Inna Dukach (who along with Moore and DiBattista did double duty in the Orff cantata) was a lovely Nedda, with a particularly attractive upper extension to her voice. A fine actress, she made Nedda a believable figure onstage and perhaps just a tad more sympathetic than usual. It is a welcome change to hear the Nedda–Silvio duet done without the customary cuts, when it is as well sung as it was here.”
George Dansker, Opera News

Ardent passion was shared between soprano Inna Dukach as Nedda, and baritone David Adam Moore’s Silvio, each of whom also brought remarkable voices to their solo roles in “Carmina Burana.” As singing actors, they also effectively conveyed the sense of conflict in their illicit love. Dukach was especially delightful handling Nedda’s famous ballatella, with all its colorful flourishes”
Theodore P. Mahne, Times-Picayune

Pensacola Opera – Madama Butterfly

Madama Butterfly has the delicate, exquisite beauty of a finely crafted figurine, and Dukach captures the opera’s very soul with a rendering of Cio Cio San that draws us into the character’s intrinsic pathos with her every facial expression and gesture.”
Pensacola News Journal

Opera Colorado – La bohème

There’s one compelling reason to see the staging of “La bohème” that opened Opera Colorado’s 28th season here on Saturday: the Mimi of Moscow-born, New York-trained soprano Inna Dukach – Dukach has an immediately appealing, youthfully rich and velvety voice that she handles with gorgeously modulated ease.”
Boulder Daily Camera

Covent Garden – La bohème (DVD Review)

Inna Dukach is a stunning Musetta.”
Michael Scott Rohan, BBC Music Magazine

Inna Dukach makes an affectionate, coquettish Musetta, acting and singing the role with focus and verve.”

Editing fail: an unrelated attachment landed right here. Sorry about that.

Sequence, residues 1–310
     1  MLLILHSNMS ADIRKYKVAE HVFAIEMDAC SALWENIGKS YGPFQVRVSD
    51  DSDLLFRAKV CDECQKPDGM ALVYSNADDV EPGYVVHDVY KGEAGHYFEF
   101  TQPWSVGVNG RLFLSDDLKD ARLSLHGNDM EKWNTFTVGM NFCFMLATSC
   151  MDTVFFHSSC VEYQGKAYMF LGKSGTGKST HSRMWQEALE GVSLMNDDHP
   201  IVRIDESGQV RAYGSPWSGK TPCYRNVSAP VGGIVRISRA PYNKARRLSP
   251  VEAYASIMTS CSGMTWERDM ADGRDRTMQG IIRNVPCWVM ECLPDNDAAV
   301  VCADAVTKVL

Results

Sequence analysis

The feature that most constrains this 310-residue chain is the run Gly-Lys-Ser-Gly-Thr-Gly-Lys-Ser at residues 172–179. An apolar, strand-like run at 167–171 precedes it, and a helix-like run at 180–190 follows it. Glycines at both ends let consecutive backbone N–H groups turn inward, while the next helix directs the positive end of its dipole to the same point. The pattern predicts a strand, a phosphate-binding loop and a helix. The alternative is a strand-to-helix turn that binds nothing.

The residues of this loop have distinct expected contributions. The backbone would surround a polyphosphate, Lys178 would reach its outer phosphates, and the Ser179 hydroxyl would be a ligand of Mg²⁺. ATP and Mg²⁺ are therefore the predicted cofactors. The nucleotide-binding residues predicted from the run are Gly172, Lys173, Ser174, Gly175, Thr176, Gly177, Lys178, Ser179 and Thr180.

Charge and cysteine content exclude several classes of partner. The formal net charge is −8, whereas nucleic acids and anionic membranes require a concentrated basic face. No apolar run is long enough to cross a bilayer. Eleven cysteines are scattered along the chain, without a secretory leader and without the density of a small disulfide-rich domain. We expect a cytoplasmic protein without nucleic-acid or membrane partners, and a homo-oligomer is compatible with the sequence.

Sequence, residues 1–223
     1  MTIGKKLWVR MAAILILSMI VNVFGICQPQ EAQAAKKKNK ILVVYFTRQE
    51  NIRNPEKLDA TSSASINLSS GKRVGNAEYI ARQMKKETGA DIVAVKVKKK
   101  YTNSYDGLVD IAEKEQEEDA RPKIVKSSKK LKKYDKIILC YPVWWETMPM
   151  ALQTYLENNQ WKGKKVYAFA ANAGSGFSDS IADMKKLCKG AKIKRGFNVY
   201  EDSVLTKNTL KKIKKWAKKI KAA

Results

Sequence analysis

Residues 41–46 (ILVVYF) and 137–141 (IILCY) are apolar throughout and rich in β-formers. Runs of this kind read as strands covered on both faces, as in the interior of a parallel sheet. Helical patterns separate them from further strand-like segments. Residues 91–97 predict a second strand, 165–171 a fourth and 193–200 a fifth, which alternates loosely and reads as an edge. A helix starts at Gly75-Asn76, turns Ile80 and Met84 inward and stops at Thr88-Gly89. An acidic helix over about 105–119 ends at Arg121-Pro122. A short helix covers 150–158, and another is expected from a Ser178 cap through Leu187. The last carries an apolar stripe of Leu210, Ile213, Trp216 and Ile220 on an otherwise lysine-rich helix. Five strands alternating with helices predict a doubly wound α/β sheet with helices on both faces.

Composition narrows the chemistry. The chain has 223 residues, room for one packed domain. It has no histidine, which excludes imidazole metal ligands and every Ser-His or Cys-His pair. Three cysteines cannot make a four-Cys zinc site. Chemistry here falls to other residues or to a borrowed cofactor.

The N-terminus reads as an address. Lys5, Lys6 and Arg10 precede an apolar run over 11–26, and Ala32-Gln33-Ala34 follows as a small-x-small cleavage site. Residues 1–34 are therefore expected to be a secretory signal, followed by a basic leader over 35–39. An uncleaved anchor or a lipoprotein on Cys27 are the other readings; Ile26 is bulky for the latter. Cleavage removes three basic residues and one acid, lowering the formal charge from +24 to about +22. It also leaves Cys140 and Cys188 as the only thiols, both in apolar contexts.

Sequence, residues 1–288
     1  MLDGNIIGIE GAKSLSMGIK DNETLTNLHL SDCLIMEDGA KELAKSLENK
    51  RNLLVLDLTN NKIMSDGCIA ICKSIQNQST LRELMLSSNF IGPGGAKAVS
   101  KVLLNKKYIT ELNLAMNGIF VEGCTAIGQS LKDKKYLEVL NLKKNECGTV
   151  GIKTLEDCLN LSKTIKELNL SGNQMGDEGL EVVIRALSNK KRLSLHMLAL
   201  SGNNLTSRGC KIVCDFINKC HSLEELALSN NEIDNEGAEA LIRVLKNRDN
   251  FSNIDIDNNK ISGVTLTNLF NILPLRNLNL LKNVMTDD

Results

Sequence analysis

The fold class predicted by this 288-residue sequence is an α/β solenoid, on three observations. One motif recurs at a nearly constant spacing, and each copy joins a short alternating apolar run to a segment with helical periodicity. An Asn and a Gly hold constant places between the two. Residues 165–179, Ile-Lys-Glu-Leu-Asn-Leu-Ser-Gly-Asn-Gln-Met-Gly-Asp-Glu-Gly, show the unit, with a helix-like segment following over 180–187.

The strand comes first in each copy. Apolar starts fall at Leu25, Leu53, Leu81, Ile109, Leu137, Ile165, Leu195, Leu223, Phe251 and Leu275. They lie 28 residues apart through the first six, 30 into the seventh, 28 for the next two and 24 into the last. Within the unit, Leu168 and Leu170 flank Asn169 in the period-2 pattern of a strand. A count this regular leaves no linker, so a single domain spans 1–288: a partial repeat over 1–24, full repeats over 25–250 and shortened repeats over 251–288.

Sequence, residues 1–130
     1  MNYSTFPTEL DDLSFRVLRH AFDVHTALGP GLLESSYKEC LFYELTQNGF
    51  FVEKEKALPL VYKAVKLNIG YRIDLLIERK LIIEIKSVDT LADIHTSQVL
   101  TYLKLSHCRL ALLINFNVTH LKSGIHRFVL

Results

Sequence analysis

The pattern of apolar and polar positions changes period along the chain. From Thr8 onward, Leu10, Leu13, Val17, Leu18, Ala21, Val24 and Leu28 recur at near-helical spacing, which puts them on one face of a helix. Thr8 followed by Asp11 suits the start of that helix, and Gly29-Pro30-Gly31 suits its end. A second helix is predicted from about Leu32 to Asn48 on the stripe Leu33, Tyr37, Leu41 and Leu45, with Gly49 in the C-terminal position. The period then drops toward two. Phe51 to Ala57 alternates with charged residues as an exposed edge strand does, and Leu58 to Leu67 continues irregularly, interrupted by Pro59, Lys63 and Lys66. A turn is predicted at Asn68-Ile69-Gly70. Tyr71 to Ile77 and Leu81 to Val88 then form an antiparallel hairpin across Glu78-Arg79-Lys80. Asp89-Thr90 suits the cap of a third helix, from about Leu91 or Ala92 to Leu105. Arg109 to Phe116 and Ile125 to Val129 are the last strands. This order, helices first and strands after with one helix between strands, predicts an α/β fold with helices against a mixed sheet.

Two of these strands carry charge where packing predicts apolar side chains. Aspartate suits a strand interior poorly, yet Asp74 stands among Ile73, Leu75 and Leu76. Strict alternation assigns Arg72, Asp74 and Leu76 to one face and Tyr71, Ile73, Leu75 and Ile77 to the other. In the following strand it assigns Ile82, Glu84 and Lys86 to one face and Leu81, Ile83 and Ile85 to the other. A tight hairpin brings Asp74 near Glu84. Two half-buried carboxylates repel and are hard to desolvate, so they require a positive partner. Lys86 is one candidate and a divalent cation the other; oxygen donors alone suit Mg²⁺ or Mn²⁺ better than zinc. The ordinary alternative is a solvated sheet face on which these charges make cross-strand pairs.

Barry Brenesal, Fanfare Magazine

The rest of the casting is equally inspired, especially charismatic Russian(-American) soprano Inna Dukach’s take (on) the 19th-century Parisian party girl Musetta.”
John Terauds, Toronto Star

Inna Dukach as Musetta is a young, flirty tart rather than an all-knowing predatory tart, which freshens up the role enormously. She also pulls off a stunning subito pianissimo in the Act 2 aria…”
Alan Titherington, Myreviewer.com

Hawaii Opera Theatre – Le nozze di Figaro

And Inna Dukach… has such a beautiful voice – large, mulled-wine-warm – that it was easy to sympathize with her character. Dukach’s ‘Dove sono’ proved to be a musical high point.”
Ruth Bingham, Honolulu Advertiser

His Countess was ably portrayed by the velvety voice of Inna Dukach. The lyricism and emotional intensity of her aria ‘Dove sono i bei momenti’ in the third act captivated the audience and reminded us that ‘Le Nozze di Figaro’ is no simple bedroom farce, but conveys the melancholy of spurned love as well.”
Gregg Geary, Star Bulletin

Royal Opera House, Covent Garden – La bohème

It was, however, Inna Dukach’s portrayal of Musetta that stole the show. She earned mid-aria applause with a spell binding pianissimo in act 2, and even managed to inject some humanity into the usually shallow man-eater.”
Stephen Crowe, MusicOMH.com

Inna Dukach’s delightful Musetta (another house debut) also made a big impression… Donald Maxwell also made the most of Musetta’s doddery admirer Alcindoro, but was inevitably upstaged by Dukach’s attention-grabbing performance.”
Graham Rogers, ClassicalSource.com

Inna Dukach’s Act II Musetta was captivating and never less than in command of her music, but it was in Act IV that she really came into her own, bringing a tenderness and humanity to this rather brittle creature that is too often missed.”
Alexandra Coghlan, MusicalCriticism.com

…received excellent support from Inna Dukach – a magnificently carefree Musetta, who delivered her waltz song with an insouciance and arrogance…”
Bob Briggs, Musical Pointers

Inna Dukach was a funny Musetta with a nicely free voice.”
Colin Clark, Musicweb-International.com

 

Savonlinna Opera Festival – Turandot

The best singer (in respect of nuances) was Inna Dukach as Liù, who was exceptionally sensitive in the slave girl’s two arias…”
Göran Forsling, Musicweb-International.com

Opéra Lyra Ottawa – Eugene Onegin

[Dukach] was vocally assured and had a firm grasp of the character. The letter scene, in which Tatiana famously and unwisely pours her heart out to Onegin, was exquisite…”
Richard Todd, Ottawa Citizen

Opera Naples – La bohème

Most important, it offered an irresistible Inna Dukach as the doomed Mimi — a role she perfected in the New York City Opera … Dukach’s unaffected voicing and tonal warmth have made her a popular choice for this role, and she infused Mimi with both Friday.”
Naple Daily News

Croatian National Opera – La traviata